EFFECTIVE SOLUTIONS

Zambia 2015 | HEALTH & EDUCATION | INTERVIEW

TBY talks to Harish J.N. de Silva, Managing Director of Sterelin Medical & Diagnostics, on the state of national pharmaceutical regulations, challenges facing importers, and the importance of a diversified customer base.

 Harish J.N. de Silva
BIOGRAPHY
Harish J.N. de Silva, founder and CEO of Sterelin, is from Sri Lanka and has made Zambia his home since arriving here in 1989 as an accountant to work in a large parastatal organization. A Chartered Management Accountant by profession, he had set up and managed two successful pharmaceutical companies in Zambia before founding Sterelin in 2004. He is also the Chairman of the Board of Directors.

How would you describe the pharmaceutical market in Zambia?

About 20 years ago, the pharmaceutical market was not very well organized. Today, as you can imagine, the pharmaceutical industry is highly regulated. Every product imported and brought to Zambia has to be registered and that is a long process, requiring clinical studies that conduct trial runs and look at bioequalancy, side effects and other the scientific data. We are regulated by the Zambia Medicines Regulatory Authority (ZAMRA), which has been successful in cutting down illegal imports of medicines to a large extent, which in turn has benefited the formal sector. Zambians have also benefited, knowing that most medicines they procure from a registered pharmacy/hospital or Ccinic are registered, legitimate, and safe to use.

More than 90% of the country's pharmaceuticals are supplied through imports. What is your company's market share of these imports?

Almost all medicine is imported into Zambia because our manufacturing sector is still very small. The government is the primary importer, because most people rely on government hospitals and public medical services in Zambia. As a result, our share at macro level is relatively small. However, out of the private market, we control a considerable share. Our core business at Sterelin is international branded medicines; we do not focus on generic medicines. Admittedly, branded medicines are more expensive, but they come from the original inventors of those products and carry a high quality standard. Over the years, we have made these international branded medicines more affordable to a wider segment of the Zambian population. People who could not even consider buying an international brand before are now able to afford it. We have a high share of the branded international medicines on the private market. There are between 30 and 50 registered pharmaceutical import companies, of which about ten are active key importers distributors, although all mainly deal with generics. We are the only company in Zambia that specializes in a wide portfolio of international brands in the fields of medicine, hospital equipment, diagnostics, and laboratory reagents and consumables and nutritionals.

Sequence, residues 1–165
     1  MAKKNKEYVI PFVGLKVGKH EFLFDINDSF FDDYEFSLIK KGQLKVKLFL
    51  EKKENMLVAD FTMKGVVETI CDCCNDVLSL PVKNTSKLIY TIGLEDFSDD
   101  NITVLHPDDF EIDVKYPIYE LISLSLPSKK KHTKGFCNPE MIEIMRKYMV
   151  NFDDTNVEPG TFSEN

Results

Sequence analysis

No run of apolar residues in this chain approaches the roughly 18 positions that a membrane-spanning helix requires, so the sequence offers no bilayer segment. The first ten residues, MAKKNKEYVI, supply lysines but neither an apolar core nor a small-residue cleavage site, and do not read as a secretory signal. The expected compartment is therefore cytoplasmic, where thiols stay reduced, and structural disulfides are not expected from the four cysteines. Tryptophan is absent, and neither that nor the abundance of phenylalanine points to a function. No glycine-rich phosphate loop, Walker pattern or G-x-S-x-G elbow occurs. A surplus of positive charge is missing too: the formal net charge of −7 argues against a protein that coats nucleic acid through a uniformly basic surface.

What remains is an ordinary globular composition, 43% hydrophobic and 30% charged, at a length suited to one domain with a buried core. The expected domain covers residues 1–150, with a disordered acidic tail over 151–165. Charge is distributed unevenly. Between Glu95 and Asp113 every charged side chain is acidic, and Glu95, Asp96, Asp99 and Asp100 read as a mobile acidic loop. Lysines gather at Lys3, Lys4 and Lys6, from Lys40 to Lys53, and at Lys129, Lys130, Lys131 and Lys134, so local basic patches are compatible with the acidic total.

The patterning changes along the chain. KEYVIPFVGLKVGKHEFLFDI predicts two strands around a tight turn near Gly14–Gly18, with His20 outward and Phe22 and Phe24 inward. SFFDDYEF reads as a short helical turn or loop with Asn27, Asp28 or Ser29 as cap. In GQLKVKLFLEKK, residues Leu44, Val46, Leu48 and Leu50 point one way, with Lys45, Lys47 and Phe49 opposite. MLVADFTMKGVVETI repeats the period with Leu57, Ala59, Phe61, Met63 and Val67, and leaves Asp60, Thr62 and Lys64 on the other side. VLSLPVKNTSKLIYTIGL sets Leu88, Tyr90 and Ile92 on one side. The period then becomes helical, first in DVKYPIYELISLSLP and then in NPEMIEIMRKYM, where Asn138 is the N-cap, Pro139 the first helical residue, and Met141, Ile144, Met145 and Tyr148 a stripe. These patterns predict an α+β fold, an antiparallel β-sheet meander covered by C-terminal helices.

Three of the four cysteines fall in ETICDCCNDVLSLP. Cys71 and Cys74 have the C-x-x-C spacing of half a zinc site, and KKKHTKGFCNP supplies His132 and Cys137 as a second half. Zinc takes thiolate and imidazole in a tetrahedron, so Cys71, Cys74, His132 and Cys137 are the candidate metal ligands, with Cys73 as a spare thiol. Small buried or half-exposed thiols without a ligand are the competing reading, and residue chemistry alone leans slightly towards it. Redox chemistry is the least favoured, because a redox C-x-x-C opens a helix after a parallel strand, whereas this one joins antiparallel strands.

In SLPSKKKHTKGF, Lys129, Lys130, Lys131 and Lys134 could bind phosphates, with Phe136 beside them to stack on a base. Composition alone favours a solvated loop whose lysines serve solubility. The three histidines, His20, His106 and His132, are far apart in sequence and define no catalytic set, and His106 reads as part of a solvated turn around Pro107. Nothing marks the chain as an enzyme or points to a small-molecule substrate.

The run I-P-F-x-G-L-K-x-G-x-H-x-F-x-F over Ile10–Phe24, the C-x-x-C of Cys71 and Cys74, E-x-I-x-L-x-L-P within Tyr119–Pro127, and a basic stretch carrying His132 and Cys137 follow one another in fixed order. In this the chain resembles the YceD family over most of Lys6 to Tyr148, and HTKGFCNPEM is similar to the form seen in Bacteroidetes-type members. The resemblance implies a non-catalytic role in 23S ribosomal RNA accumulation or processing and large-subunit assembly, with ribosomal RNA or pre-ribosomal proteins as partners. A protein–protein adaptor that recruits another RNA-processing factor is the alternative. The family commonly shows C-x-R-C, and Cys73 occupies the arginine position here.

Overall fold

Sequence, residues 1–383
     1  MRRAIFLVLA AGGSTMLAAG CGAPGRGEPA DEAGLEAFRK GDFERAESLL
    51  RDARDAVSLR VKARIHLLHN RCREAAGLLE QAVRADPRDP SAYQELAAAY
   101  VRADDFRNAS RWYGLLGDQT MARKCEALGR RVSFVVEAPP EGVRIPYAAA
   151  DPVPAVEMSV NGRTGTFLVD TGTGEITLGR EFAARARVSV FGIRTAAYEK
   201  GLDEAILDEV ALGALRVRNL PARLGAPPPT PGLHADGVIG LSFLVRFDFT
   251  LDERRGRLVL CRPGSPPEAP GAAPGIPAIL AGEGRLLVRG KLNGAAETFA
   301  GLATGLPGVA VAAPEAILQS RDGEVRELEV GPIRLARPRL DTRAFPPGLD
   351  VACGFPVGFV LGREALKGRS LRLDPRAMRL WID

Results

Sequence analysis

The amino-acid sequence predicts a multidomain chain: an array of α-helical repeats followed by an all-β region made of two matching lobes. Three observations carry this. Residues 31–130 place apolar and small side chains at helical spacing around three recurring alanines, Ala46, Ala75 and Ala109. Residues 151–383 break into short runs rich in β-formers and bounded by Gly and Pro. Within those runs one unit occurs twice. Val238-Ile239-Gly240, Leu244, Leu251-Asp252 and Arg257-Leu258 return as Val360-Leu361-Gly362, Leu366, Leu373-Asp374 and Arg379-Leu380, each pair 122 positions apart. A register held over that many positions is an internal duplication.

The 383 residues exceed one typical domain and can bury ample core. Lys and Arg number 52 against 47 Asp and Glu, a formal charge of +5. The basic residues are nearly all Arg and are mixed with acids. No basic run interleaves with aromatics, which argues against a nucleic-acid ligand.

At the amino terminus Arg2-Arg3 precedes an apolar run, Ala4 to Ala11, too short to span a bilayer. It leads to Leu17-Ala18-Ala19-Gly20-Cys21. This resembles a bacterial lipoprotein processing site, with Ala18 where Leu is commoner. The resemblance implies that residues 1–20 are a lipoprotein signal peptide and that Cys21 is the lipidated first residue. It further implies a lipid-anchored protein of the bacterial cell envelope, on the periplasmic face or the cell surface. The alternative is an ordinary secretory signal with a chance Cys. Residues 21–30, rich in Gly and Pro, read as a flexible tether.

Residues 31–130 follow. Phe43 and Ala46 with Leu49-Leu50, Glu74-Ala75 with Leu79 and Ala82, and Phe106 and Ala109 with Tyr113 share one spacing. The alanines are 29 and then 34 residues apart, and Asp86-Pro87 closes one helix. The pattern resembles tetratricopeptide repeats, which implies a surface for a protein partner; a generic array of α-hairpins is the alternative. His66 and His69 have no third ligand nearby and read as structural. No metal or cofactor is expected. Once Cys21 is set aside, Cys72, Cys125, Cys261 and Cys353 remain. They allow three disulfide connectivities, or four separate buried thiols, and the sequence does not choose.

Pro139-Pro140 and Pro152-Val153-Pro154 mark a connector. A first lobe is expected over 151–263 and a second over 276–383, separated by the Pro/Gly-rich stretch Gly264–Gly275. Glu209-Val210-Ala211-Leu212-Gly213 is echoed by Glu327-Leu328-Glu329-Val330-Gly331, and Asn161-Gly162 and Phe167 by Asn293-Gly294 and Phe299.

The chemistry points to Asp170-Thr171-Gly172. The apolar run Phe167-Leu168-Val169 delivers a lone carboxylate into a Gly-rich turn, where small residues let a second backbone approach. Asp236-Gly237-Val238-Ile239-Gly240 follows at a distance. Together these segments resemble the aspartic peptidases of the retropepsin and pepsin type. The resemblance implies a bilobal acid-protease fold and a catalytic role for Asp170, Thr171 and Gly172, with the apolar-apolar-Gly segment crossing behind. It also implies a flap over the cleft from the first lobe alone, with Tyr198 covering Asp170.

Sterelin is working with the government, NGOs and the private sector. What is the balance of your clients?

We have four main customer categories. The first is the government, namely the Ministry of Health, which is our single largest customer; the private sector comprises mainly retail pharmacies, private hospitals and clinics, various institutions, organizations, and companies. Another sector comprises NGOs, and mission hospitals and donor agencies. I would say the government accounts for about 30% of our business, 60% is private, and the remainder are various NGOs and mission hospitals. These customers are located all over the country, and we have the additional challenge of distributing across these different regions. Transportation is a major challenge, because when fuel costs go up, this affects the overall delivery costs of medicines. The aim of setting up a new branch in the Copperbelt was partly to mitigate these transportation challenges. We successfully cover and serve the whole country with our own fleet of vehicles and also through the outsourcing of transportation services to specialized pharmaceutical distribution companies. Added to this are our non-pharmaceutical products, which I mentioned earlier, as all of those have to be distributed to the major supermarket outlets throughout the country.

As an importer, how has the fluctuation of the kwacha impacted your operations?

We are going through some of the toughest times an import company can face. The kwacha has depreciated by about 30% over the past five or six months. Even today, some of the payments being recovered from our customers are for goods supplied when the exchange rate was at 6 to the US dollar, and with that money we have to pay suppliers at 7.9 to the dollar. It is an extremely difficult situation, but we will survive, and hopefully it will be temporary.